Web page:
While his brother’s meteoric rise in Hollywood has been well-documented, Kyle’s career in art has been more of a slow burn, but no less auspicious. “I was really lucky,” he says. “I got a New York gallery right out of school.” Damon spent two years at University of Massachusetts at Amherst before transferring to Tufts’ Museum of Fine Art. Early on he focused on print making which satisfied his need for “hands-on,” but before long he moved into mixed media, more out of necessity than planned change of direction. “At the time it really was about money. I had no money. I lived in the warehouse district, and there was all this crap in the back alley. I would find old produce palettes, pull them apart, rearrange, and screw them back together and paint on them.”
Everything in his life revolved around art. He met his future wife, Lori, when she inquired about a painting. “It was the only one I had ever sold,” he laughs. “So I got to say ‘sorry that one is sold, but I have others if you want to come by the studio,’ hoping that would impress her.” Two years later when he was ready to pop the question, he did it in a gallery. Kyle was getting ready for a show, so he called Lori to ask for help. She was reluctant. It was snowing heavily and she was getting ready to go cross country skiing through the snow covered city streets – something you can only do until the plows get moving. She knew if she went into the gallery she would lose her opportunity, but Kyle was persistent and she eventually relented. When she arrived, the gallery was empty except for one piece on an easel in the middle of the room. Kyle had done it for her, and the ring was incorporated into it. “Fortunately for me,” he says, “she said yes. I looked over and the gallery owner and workers were all outside peeking in the window. It was great.” Kids came along a few years later, which Kyle says changed him profoundly.
“Before kids Lori and I worked all the time. I was driven, but as soon as we had kids it was this instant transformation. It was noticeable. I could feel the shift happening. I remember lying down, holding Jackson on my chest, and feeling I’m in the right place. I just need to take care of this little dude. It changed the intensity of my work. I still love making art and I’m passionate about, it but all that energy and what it means to contribute to the world was transferred to my kids. Family is everything.”
Damon still lives in Cambridge with his wife and two sons. His studio is attached to the house, so he is always in close proximity. Kyle’s longtime New York gallery closed a few years ago, but one of the players moved to San Francisco and opened space there, taking Kyle with him. “I’ve known Kyle half my life,” says Stephen Tourell of the Toomey Tourell Gallery. “Kyle has an amazing ability with his hands,” Stephen continues. “ His Flag pieces are unique and so well-crafted. They are more sculptural than anything else. And I’m swayed by the genuine patriotism.” Although there is the always the chance that any Flag piece will invite comparisons to Jasper Johns, Stephen says Kyle’s Flags push the idea in a new direction – a contemporary take on Americana.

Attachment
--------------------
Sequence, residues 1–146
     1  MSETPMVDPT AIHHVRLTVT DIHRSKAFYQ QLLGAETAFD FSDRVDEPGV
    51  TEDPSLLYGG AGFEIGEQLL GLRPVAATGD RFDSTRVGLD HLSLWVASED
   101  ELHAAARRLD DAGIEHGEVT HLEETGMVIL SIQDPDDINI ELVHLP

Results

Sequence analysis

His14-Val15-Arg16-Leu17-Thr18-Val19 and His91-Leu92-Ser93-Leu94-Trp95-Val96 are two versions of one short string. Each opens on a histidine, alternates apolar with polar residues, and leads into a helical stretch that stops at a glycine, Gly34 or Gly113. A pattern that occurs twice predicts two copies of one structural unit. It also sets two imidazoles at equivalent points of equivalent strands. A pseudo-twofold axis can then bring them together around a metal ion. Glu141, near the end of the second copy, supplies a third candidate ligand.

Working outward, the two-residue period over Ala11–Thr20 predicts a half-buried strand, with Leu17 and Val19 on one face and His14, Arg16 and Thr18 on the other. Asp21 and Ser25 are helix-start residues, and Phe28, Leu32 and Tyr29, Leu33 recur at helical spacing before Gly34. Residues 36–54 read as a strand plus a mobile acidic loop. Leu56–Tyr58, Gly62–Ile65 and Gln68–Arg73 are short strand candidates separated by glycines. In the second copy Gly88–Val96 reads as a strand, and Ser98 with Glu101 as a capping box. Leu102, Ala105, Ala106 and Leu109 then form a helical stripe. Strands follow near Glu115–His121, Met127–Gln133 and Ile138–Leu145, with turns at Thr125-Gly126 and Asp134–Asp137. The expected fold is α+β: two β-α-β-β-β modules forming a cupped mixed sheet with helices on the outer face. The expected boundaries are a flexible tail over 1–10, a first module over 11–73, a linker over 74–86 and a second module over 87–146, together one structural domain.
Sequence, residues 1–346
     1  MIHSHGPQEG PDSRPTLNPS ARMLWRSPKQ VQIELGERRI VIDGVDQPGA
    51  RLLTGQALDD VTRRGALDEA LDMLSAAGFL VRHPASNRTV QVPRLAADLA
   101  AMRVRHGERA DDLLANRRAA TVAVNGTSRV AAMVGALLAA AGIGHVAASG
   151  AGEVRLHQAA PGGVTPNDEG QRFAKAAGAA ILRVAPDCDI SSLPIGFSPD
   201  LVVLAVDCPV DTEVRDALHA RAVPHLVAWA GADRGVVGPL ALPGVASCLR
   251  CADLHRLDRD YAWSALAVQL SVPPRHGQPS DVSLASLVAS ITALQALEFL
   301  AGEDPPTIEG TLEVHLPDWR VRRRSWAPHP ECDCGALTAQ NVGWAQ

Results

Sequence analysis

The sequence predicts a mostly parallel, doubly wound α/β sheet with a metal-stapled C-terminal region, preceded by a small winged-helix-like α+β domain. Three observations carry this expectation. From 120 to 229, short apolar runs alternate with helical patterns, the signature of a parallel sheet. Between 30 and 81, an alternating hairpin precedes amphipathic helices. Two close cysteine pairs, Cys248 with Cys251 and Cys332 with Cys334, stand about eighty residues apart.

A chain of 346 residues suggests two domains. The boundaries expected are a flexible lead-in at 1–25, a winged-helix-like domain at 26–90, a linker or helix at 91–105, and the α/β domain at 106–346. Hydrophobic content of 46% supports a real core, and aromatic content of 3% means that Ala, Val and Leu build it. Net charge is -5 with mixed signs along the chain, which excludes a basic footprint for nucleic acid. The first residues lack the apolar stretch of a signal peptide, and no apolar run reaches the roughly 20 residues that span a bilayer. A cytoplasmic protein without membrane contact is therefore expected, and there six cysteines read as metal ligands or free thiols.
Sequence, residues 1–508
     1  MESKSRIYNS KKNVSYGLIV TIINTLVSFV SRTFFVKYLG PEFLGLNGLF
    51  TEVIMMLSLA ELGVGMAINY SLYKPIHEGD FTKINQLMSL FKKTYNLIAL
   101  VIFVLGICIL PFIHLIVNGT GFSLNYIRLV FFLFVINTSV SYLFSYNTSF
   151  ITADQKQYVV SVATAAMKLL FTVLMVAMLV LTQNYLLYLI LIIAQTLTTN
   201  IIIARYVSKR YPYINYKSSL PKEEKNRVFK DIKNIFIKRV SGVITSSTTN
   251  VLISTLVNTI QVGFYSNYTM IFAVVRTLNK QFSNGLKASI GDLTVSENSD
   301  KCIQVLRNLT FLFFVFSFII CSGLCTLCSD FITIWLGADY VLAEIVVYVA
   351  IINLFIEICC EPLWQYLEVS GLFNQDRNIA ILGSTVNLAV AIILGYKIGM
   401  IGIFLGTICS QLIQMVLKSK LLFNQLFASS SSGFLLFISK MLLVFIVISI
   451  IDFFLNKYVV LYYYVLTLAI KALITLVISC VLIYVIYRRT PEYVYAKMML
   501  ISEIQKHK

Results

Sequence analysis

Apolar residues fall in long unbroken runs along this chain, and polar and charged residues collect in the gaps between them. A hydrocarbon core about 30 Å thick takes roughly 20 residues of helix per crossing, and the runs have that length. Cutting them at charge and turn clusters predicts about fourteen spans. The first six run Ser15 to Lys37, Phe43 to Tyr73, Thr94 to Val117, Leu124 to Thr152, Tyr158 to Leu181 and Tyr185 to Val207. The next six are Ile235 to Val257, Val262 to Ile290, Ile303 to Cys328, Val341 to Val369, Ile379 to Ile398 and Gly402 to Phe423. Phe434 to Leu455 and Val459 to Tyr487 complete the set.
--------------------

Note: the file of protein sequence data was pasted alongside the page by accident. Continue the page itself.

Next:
Matt Damon’s career was launched by the movie “Good Will Hunting” based on a short story he wrote in college. His tremendous success had changed bank account numbers, but it hasn’t changed the core relationships. Family always has been and always will be at the center. The brothers see each other as often as possible. Kyle, Lori and the kids often go “on location” when Matt is filming a movie. That’s what brought Kyle to South Africa and the infamous cycling race. Matt was there filming the Clint Eastwood film “Invictus.” Kyle took advantage of the opportunity and talked his brother into doing the race. With a few Ironman triathlons under his belt and countless cycling races, Kyle thought it would be no big deal. As it turned out, the conditions made it much more challenging than expected, but the brothers, riding tandem, pulled it off. “Matt has done a lot of cool shit but he’s never taken his physical self to this extreme” Kyle says. “It was genuinely hard. It was emotional when we finished. To get that feeling you have to take the risk and put yourself out there. You can’t manufacture the process.” He pauses before adding, “It was epic.” It seems a perfect description for so much more than just a race.